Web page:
Paul Lewis is absolutely right in attacking the dogmatism that religion creates. People may be spiritual, without imposing their views on others, but when someone’s dogma overtakes their sense of humanity, they become strangely inhuman.
This is what accounts for John Ralfe’s duality. He is in real life a perfectly nice bloke who likes Bruce Springsteen, enjoys cricket and glories in the countryside around Nottingham. I would gladly spend time with the human being – John Ralfe.
Unfortunately, John’s duality contains another person altogether. As he prepares to address his 2000 followers in the hallowed halls of twitter, he dons the coat of financial scientology.
I did not realise that John is a financial scientologist until I read this exchange with Dennis Leech yesterday.
Dennis has hit – perhaps accidentally , on the cause of John’s divisiveness. I don’t know much about the science of financial economics, but it’s clear that it is an “ology”. I don’t know much about Scientology either – though their church is near me in Blackfriars.
Both Scientology and the religion of financial science appear to overtake normal happy people and create completely different people espousing stuff that makes no common sense.
To make Dennis’ argument graphically, we use this diagram
What it shows is that a collective pension scheme finds life difficult if it closes and easy if it stays open. That is because benefits are paid from income with an infinite time horizon and the market value of the assets are irrelevant.
Close a scheme and you have the problem of having to sell assets to pay benefits with a shortening of time horizons. This is the hard problem that people face with DC and it’s why DB schemes find it so expensive to wind up.
John Ralfe often explains the cost of buy out to justify why he considers that open DB schemes like USS are in deficit. This is because financial economics cannot accept that market values are irrelevant to “open” collective schemes. They need to be valued on the capacity of their assets to meet future bills (e.g. pensions).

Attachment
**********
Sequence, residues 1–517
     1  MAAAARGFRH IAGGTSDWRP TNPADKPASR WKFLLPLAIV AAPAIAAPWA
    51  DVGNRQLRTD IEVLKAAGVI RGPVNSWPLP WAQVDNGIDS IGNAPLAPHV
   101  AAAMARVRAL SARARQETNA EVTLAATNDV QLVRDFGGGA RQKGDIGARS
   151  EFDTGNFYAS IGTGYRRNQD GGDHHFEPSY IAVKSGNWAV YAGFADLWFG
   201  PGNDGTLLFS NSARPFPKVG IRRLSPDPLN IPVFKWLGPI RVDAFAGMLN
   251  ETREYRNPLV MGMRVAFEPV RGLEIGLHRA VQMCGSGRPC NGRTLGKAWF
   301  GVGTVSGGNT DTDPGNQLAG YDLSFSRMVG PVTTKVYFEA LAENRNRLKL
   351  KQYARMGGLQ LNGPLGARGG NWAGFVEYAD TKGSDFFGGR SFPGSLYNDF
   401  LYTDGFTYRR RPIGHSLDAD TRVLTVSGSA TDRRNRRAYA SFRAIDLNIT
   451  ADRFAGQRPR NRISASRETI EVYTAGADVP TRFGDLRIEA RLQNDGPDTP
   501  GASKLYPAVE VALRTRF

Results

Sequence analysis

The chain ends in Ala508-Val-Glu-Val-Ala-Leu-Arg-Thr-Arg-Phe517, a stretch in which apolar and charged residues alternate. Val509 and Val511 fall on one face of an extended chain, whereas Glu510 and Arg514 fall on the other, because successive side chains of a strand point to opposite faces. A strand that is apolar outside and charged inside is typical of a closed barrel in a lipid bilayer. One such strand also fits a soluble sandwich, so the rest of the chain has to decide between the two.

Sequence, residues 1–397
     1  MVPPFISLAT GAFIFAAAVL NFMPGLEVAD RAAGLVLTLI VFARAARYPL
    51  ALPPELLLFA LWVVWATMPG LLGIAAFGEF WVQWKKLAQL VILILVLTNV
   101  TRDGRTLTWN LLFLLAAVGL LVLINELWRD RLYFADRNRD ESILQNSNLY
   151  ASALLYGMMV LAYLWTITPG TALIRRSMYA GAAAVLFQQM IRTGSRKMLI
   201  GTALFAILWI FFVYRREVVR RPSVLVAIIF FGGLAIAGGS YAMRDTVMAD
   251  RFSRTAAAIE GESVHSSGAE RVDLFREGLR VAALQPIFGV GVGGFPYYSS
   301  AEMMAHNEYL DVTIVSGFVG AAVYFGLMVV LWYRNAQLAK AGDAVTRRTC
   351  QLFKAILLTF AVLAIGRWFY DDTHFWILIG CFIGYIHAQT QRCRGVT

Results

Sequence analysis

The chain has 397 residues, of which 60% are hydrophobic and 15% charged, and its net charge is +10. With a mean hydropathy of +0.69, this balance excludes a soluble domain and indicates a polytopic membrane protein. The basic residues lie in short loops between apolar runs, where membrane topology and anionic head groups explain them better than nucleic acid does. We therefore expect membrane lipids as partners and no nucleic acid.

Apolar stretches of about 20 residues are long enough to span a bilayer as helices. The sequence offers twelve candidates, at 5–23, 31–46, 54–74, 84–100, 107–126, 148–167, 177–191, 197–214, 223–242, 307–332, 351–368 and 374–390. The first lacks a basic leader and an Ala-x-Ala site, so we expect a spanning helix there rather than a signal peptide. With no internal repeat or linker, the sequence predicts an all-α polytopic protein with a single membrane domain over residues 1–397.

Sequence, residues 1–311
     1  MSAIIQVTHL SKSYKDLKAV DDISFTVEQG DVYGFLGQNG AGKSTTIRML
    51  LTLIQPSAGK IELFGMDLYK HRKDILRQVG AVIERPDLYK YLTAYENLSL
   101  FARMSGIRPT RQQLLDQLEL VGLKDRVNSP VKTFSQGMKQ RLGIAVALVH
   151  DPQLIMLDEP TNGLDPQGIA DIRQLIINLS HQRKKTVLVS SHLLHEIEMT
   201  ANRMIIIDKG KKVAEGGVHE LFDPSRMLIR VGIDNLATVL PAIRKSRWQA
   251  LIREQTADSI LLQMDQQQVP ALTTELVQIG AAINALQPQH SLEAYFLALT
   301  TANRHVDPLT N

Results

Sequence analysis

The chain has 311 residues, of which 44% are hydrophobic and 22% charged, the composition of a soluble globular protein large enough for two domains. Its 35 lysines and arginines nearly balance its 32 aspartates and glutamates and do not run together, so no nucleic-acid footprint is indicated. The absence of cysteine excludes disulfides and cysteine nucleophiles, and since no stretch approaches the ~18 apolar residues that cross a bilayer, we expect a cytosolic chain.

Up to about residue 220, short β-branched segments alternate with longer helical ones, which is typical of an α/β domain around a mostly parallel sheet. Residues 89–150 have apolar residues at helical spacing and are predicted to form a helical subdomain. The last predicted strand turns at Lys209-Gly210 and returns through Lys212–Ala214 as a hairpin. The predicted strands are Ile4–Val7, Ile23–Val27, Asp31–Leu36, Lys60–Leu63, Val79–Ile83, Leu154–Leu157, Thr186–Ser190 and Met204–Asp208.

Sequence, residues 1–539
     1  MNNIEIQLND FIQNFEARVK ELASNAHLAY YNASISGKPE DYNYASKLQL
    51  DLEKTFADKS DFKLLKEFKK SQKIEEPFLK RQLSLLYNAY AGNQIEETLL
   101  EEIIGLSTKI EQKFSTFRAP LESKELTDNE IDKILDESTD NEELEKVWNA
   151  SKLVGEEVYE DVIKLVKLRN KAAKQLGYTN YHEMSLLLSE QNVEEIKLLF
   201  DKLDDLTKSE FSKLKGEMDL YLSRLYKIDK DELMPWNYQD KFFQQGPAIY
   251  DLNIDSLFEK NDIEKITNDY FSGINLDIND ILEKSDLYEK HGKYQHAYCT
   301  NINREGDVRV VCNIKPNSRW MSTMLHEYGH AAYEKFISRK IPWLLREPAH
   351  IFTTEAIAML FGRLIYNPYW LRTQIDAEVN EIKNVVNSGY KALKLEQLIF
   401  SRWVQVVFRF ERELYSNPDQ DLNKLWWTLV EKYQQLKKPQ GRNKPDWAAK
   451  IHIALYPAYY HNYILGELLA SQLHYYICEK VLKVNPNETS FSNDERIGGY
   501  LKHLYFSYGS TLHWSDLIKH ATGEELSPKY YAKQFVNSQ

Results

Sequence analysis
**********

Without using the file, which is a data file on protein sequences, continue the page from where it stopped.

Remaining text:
This seems to me, someone who is neither actuary or economist, to make common sense.
What would happen in John lost his religion?
The frightening hold that financial scientology has on John may have no remedy. Since it cannot be cured by common sense, it looks like John will remain a latter day Malvolio to whom Toby Belch can tease
Out o’ tune, sir. You lie. Art any more than a steward? Dost thou think, because thou art virtuous, there shall be no more cakes and ale?
It is very hard not to feel sorry for Malvolio and it is very hard not to feel sorry for John Ralfe, at least the John Ralfe who puts on the cloak of financial scientology.
But as far as I know, Malvolio was always Malvolio, he did not enjoy Bruce Springsteen, or walk on the Dales or watch cricket.
My hope is that John will somehow forget where he hung the cloak of financial scientology and that someone puts in the charity box. Then – for sweet charity – that box is lost and burned and that John never again has to “insist on the science of financial economics”.
Because John is a really good bloke who is trapped by his dogmatism. Perhaps I should put him in a room with Paul Lewis.
That would learn him.